Use Azure Text Analytics Service to Automatically Tag SharePoint Documents

Automatic content classification or metadata tagging has been one of the “wishes” for knowledge workers across organizations. SharePoint has provided a solution for Managed Metadata and manual tagging for long and some third party solutions exist which claim to provide automatic keywords extraction from the content of the uploaded documents.

In this article, we will explore how can we use Azure Text Analytics Service to Automatically Tag  Documents stored in SharePoint from the keywords extracted from the content of those documents.

So, let’s’ get started.

Prerequisites

Before we can jump in to extract keywords from SharePoint documents, we need to setup a few things.

Term Store in SharePoint

It’s a good practice and widely used already to have an organization wide taxonomy in SharePoint that can be used to tag documents. This helps is ensuring that documents are tagged with keywords already identified by the business. This is NOT about the values of specific metadata fields which needs to be filled by end users (like business unit or location) but about the keywords associated with the document which identifies it’s “content” better.

So, for this article, we’ll create a term store named “Content Areas” and use that as the main source to find and filter the extracted keywords from the document and then associate those keywords with it.

MMS

Document Library

We obviously need a document library which contains the documents which we are going to read, extract keywords and update the “Content Areas” column with those.

For this article, I created a document library named “Auto Tagged Docs” and added a managed metadata type column “Content Areas” to it. This column has multiple values allowed and is mapped to the “Content Areas” term set created earlier.

Auto Tagged Docs

For this article, I have uploaded two documents for about 2-3 MBs each. As you can see the Content Areas field is empty to start with.

Azure Text Analytics Service

Now that we are all set from SharePoint source perspective, lets create the Azure Text Analytics Service API. We need an Azure subscription but we can use the “F0 Pricing Tier” which provides 5000 free transactions of Azure Text Analytics API per month.

Create Azure Text Analytics Service

Fill in the form, note down the location being selected and click Create. The API URL to call is currently dependent on the location, so will need to use this later.

Create Azure Text Analytics Service

 

Once the Service gets created, browse to the resource and grab the keys. We’ll need these keys to call the API.

So, all set now.

Limitation

Before we jump into the solution, let’s take a quick look at a limitation of Azure Text Analytics Service.

Azure Text Analytics Service is meant for analyzing the text inputs like comments from users on articles/company’s products etc. and extract keywords, Language and sentiments (negative or positive). Currently one single document cannot have have more than 5000 characters. However, one single call to the API can have 1000 such sub-documents, so we need to split our documents in multiple subdocuments of less than 5000 characters each and later find out unique keywords after combining them.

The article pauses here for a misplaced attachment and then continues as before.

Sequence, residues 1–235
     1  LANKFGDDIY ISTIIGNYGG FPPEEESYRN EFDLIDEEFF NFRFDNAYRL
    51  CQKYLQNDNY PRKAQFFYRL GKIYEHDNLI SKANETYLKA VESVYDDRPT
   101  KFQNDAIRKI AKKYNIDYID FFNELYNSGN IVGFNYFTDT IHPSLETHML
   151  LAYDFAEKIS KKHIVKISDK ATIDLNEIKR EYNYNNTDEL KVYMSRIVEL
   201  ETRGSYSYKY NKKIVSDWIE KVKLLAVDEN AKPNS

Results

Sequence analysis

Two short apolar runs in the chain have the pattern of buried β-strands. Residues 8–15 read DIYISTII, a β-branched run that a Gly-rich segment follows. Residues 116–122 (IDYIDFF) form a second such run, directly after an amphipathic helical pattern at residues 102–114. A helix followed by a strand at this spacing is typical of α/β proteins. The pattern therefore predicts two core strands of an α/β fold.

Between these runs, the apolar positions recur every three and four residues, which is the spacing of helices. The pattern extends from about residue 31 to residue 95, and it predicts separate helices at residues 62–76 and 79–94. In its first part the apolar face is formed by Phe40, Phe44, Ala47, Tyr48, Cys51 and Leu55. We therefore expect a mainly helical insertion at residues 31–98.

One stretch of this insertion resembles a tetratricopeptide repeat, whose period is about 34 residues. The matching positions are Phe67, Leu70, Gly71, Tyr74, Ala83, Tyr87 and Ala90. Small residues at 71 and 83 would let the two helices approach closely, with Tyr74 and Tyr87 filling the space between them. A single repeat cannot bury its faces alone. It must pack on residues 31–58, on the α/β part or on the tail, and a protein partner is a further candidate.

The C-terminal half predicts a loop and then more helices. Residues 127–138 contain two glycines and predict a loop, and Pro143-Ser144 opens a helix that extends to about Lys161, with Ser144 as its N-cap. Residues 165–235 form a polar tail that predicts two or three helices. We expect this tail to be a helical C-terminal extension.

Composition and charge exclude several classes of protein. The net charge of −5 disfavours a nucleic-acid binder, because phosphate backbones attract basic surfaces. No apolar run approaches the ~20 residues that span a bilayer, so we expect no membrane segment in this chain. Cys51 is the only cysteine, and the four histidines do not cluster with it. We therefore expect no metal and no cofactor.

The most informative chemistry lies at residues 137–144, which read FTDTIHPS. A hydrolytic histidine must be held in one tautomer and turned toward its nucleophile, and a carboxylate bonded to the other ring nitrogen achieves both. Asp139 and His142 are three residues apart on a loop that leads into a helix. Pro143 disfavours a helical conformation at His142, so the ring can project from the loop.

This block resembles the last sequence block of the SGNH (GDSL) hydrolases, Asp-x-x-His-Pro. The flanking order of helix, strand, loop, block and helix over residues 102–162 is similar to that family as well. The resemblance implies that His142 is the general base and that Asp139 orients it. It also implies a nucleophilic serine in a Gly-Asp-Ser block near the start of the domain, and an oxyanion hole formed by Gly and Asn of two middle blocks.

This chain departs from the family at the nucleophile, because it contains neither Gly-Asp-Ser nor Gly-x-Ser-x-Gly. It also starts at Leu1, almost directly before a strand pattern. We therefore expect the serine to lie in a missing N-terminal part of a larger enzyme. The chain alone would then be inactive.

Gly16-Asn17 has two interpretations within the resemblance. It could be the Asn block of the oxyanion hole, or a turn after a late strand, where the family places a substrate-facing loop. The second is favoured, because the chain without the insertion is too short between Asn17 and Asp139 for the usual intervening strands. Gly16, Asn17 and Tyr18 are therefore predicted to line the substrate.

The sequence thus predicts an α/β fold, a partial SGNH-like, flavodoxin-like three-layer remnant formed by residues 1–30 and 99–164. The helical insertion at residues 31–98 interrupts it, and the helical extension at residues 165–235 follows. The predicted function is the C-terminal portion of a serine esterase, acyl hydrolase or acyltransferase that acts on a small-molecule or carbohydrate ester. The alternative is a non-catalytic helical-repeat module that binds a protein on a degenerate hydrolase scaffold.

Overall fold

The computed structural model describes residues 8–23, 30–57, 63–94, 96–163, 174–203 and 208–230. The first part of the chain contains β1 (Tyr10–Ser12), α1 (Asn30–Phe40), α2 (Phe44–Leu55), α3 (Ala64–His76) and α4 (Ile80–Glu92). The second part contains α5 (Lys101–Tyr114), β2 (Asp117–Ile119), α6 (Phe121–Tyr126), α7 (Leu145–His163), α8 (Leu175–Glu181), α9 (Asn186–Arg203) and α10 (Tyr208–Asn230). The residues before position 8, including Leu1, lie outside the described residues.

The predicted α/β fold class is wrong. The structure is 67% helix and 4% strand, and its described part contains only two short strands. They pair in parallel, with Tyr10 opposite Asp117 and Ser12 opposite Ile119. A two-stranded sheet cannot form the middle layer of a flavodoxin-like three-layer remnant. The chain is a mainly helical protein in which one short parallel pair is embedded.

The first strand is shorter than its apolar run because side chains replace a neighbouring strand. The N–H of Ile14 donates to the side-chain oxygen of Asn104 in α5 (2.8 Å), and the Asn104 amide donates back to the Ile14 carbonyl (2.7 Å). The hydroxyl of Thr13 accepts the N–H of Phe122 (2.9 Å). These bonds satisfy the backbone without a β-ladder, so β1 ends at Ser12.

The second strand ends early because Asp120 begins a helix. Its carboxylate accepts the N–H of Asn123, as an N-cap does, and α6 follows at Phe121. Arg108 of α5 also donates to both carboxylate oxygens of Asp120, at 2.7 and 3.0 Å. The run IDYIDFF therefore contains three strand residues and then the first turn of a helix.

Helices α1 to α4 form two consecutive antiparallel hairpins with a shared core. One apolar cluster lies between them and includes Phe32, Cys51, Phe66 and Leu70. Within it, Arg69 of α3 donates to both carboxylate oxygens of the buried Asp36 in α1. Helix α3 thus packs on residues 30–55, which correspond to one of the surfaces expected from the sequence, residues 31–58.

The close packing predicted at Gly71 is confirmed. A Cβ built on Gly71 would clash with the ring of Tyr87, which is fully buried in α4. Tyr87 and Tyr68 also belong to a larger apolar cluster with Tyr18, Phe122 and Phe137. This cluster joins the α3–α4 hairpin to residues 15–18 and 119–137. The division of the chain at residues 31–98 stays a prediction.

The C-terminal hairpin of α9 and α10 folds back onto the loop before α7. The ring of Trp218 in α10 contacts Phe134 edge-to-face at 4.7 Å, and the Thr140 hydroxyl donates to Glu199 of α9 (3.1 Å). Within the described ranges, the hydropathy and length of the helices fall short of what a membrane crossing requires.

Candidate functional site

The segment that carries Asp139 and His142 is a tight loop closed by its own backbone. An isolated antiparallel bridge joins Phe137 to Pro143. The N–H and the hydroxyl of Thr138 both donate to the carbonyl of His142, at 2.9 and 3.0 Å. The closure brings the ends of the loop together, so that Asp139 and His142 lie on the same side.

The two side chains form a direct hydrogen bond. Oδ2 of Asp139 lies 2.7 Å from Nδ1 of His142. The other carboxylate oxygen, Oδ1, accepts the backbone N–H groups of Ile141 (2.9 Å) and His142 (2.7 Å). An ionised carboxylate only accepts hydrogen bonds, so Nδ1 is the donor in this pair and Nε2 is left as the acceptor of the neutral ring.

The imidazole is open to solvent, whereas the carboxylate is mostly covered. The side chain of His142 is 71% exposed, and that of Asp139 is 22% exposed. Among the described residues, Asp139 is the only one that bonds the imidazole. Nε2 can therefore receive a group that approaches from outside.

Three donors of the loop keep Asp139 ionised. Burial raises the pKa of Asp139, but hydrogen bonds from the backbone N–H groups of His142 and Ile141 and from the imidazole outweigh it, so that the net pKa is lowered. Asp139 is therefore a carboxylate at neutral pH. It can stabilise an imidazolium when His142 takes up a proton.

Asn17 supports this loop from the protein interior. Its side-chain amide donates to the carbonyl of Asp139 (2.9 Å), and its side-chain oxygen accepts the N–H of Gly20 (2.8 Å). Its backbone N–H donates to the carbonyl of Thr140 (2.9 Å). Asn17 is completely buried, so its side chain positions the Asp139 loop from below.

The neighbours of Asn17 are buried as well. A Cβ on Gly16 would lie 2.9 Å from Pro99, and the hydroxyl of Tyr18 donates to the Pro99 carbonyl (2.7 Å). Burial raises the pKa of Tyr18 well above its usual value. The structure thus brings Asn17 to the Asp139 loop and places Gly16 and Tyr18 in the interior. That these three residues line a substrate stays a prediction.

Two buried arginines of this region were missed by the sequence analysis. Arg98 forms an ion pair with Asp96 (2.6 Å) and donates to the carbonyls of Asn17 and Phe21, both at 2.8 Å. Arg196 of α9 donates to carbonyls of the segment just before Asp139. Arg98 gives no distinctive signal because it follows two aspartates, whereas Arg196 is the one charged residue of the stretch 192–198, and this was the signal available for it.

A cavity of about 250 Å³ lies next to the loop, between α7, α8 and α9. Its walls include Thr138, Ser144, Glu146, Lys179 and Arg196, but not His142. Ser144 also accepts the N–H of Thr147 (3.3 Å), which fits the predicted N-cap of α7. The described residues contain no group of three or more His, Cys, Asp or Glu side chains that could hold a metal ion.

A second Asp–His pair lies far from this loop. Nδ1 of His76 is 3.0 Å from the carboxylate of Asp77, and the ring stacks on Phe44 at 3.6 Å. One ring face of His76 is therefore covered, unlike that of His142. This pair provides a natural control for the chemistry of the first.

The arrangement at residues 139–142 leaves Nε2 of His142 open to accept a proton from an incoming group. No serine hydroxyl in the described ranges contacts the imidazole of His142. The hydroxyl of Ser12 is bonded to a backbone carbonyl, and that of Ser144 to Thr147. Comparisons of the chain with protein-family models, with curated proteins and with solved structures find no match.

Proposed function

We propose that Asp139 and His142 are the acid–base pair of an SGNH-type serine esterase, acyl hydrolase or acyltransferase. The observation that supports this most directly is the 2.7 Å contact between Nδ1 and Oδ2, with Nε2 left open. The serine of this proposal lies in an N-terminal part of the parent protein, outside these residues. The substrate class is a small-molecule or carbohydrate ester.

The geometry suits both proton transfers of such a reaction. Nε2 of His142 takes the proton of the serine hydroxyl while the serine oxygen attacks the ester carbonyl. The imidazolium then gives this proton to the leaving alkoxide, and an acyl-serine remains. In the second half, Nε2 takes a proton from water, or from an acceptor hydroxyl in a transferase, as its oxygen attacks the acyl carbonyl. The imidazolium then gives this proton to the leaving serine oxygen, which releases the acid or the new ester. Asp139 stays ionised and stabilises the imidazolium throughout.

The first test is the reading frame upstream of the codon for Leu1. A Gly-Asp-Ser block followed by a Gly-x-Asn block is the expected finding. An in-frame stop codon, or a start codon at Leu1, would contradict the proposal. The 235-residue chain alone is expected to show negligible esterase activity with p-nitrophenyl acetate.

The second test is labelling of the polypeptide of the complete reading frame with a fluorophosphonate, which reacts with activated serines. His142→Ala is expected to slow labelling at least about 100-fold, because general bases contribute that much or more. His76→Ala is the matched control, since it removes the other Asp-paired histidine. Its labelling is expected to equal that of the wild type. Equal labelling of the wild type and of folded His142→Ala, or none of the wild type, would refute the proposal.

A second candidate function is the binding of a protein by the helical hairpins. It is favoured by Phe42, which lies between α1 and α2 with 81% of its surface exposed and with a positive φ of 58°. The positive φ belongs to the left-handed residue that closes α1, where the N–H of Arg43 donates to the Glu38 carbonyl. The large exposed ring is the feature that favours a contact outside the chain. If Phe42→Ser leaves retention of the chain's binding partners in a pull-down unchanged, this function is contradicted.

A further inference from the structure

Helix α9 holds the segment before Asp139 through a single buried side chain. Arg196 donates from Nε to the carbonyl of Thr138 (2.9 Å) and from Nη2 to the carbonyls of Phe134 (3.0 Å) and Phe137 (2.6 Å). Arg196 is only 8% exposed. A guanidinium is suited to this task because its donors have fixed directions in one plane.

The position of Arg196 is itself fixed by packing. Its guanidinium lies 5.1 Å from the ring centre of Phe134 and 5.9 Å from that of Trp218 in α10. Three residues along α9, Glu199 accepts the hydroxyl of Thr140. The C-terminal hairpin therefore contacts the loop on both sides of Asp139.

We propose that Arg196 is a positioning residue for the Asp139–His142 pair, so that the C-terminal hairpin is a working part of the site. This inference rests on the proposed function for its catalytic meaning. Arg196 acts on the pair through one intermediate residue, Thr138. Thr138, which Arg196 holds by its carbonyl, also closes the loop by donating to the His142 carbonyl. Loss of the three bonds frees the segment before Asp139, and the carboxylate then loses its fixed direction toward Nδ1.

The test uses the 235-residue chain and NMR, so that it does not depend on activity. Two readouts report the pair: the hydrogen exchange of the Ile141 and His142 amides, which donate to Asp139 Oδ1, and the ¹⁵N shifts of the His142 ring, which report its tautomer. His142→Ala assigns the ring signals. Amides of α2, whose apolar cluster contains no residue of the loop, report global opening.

Solution

For this article, I am going to explain the following which take care of generating the keywords from the uploaded documents and associating those keywords with corresponding documents as well. I will keep the scope to a single document library, but you can easily put a loop on top of it to update documents in all other document libraries as well.

So, what the solution looks like in a few points –

  • Get a list of all Terms from the Term Set which we will use as master list of keywords
  • Get list of all Files from the selected Document Library
  • Loop through each document and
    • Read the content
    • Prepare sub document of less than 5000 characters each
    • Extract Keywords using Azure Text Analytics Service
    • Find Unique Keywords after combining the Subdocuments
    • Compare these Unique keywords with Terms extracted from Identified Term Set (“Content Areas” in this case) and find common keywords
    • Update the “Content Areas” column of the document with the identified common Keyword

Let’s take a look at each of these steps in detail.

Get a list of all Terms from the Term Set

All we need is a list of all Terms from the identified Term Set from SharePoint. This will be used to finally compare with the extracted keywords from documents and common terms will be added to the documents as metadata.

 private static TermCollection GetTermsFromMMS(ClientContext clientContext, string guidOfTermSet)
        {

            TaxonomySession taxonomySession = TaxonomySession.GetTaxonomySession(clientContext);
            taxonomySession.UpdateCache();
            TermStore termStore = taxonomySession.GetDefaultSiteCollectionTermStore();
            clientContext.Load(termStore,
                termStoreArg => termStoreArg.WorkingLanguage,
                termStoreArg => termStoreArg.Id,
                termStoreArg => termStoreArg.Groups.Include(
                    groupArg => groupArg.Id,
                    groupArg => groupArg.Name
        )
    );
            clientContext.ExecuteQuery();

            //Requires you know the GUID of your Term Set, and the Name.
            TermSet termSet = termStore.GetTermSet(new Guid(guidOfTermSet));